Replacement Child

A family comes to terms with its haunting past.

Reaction: 3-Year-Old Girl Asked to Leave Because of Scars

A teachable moment for parents and teachers

The story this morning about the 3-year-old girl who was asked to leave a KFC restaurant in Jackson, Miss. by an employee there who said her scars were disturbing customers, gave me a chill and brought back sharp memories of my sister.

Her grandmother had stopped there, on the way home from the hospital, to get her mashed potatoes because she had trouble swallowing after surviving an attack by three pit bulls. Even though that incident is horrendous, and my heart goes out to this little girl for her physical suffering, it is the action of the restaurant employee that is most disturbing to me.

We could file it under "what is wrong with people?" And, maybe we should feel equally sorry for the employee who was insensitive enough to inflict unnecessary harm, undoubtedly adding psychological scars to the visible ones.

I can't help thinking back to my sister, Linda, who was badly scarred from a fire that resulted from a plane crash when she was just two. Like this little girl today, Linda was often stared at, avoided, and ostracized for the way she looked. As her sister, I was witness through the years to how cruel people can be when presented with someone different than themselves. I wrote about many of those instances in my book, Replacement Child, when I would stare down other children who stared at her. But, it wasn't only children. They can be forgiven for their curiosity, until an adult explains that the object of their curiosity is a child just like themselves, and instills understanding and empathy.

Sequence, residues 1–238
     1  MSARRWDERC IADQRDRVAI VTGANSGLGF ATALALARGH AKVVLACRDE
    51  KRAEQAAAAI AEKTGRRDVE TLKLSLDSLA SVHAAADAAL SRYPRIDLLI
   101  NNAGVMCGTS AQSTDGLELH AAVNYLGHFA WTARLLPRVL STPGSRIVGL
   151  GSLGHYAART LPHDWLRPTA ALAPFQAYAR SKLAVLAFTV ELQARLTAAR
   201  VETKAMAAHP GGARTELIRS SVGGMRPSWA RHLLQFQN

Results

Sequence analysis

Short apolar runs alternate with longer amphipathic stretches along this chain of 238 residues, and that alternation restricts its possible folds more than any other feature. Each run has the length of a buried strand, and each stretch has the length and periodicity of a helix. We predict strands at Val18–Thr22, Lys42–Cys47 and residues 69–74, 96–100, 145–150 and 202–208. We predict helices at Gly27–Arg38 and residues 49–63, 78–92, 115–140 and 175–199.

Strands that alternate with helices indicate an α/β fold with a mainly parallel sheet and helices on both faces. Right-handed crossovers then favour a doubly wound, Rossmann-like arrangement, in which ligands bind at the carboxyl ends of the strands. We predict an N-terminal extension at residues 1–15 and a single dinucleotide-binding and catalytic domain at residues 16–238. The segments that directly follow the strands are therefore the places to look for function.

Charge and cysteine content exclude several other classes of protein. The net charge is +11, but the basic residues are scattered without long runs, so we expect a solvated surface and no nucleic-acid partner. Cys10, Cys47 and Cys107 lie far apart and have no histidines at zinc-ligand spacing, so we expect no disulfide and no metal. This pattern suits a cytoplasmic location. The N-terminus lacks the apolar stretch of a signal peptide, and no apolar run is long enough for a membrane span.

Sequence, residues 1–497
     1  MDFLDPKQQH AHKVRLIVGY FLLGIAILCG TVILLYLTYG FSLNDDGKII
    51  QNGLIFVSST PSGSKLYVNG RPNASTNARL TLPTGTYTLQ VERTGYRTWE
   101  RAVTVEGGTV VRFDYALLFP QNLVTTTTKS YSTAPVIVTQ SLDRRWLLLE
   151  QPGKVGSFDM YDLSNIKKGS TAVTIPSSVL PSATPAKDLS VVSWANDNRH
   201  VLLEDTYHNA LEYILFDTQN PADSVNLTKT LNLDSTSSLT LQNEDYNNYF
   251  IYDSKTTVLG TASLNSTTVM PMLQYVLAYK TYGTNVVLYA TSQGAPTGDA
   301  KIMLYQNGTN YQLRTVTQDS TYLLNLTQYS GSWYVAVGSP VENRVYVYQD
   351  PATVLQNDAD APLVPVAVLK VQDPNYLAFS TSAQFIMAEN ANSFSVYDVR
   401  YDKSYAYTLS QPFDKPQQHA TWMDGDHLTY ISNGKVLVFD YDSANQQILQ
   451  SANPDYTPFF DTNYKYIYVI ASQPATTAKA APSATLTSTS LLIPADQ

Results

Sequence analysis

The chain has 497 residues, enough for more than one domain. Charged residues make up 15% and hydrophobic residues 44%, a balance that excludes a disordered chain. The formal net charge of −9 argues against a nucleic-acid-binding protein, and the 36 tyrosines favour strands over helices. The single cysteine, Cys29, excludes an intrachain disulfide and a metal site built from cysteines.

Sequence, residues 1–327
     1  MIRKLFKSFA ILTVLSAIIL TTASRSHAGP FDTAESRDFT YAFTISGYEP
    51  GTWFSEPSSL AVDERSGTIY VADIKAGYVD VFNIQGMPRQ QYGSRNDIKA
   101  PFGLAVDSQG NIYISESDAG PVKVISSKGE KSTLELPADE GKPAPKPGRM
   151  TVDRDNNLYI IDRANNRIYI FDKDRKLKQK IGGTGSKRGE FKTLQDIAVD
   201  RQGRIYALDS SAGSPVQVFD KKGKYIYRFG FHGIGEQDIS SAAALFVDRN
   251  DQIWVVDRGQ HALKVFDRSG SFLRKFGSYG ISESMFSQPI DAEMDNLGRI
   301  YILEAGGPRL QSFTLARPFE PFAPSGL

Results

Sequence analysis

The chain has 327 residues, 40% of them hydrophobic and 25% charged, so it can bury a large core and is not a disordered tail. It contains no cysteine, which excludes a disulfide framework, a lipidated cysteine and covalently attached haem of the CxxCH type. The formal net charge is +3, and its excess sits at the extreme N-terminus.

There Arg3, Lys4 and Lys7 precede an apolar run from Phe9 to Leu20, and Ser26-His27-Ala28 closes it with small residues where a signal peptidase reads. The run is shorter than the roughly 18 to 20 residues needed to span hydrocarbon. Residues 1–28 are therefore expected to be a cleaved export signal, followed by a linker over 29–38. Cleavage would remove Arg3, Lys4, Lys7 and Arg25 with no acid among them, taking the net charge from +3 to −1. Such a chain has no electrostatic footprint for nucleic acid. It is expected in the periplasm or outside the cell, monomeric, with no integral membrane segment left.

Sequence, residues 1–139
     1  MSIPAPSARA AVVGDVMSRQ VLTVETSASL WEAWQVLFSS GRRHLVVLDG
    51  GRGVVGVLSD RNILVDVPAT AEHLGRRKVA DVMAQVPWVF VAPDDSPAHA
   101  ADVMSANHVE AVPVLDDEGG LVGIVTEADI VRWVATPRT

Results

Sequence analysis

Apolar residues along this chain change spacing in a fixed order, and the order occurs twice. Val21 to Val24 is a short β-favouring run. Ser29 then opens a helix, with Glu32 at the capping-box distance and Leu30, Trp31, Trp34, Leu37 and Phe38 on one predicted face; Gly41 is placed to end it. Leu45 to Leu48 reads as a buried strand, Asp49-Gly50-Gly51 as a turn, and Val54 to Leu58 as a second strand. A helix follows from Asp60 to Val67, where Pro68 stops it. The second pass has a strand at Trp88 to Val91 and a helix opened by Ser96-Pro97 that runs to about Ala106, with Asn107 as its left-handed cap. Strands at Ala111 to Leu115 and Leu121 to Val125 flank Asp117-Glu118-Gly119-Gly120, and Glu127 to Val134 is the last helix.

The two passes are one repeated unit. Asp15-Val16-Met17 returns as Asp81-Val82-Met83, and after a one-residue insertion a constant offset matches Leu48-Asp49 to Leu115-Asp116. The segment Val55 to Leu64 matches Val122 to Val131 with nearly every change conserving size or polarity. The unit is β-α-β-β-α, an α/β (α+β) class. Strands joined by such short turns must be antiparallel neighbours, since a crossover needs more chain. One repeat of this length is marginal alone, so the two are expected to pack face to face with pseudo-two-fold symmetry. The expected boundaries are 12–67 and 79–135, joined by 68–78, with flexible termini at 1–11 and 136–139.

My mother was the one who took on the role of educating teachers and parents at the first school my sister attended. She knew what Linda would face, because she had seen it on bus rides, department stores and walks through town. The PTA allowed her to make presentations at meetings, so that by the time my sister entered kindergarten, the teachers were poised to prepare her class.

My parents assured her that inside beauty counted most of all, and that she was indeed beautiful.

I'm hoping that parents who read about this most recent incident in Miss., use it as a teachable moment for their children. Kindness is not inherent, it needs to be taught and modeled time after time by sensitive, caring parents.

You can read the story I am referring to here.

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Judy Mandel is a writer based in Connecticut. She is the author of the memoir Replacement Child.

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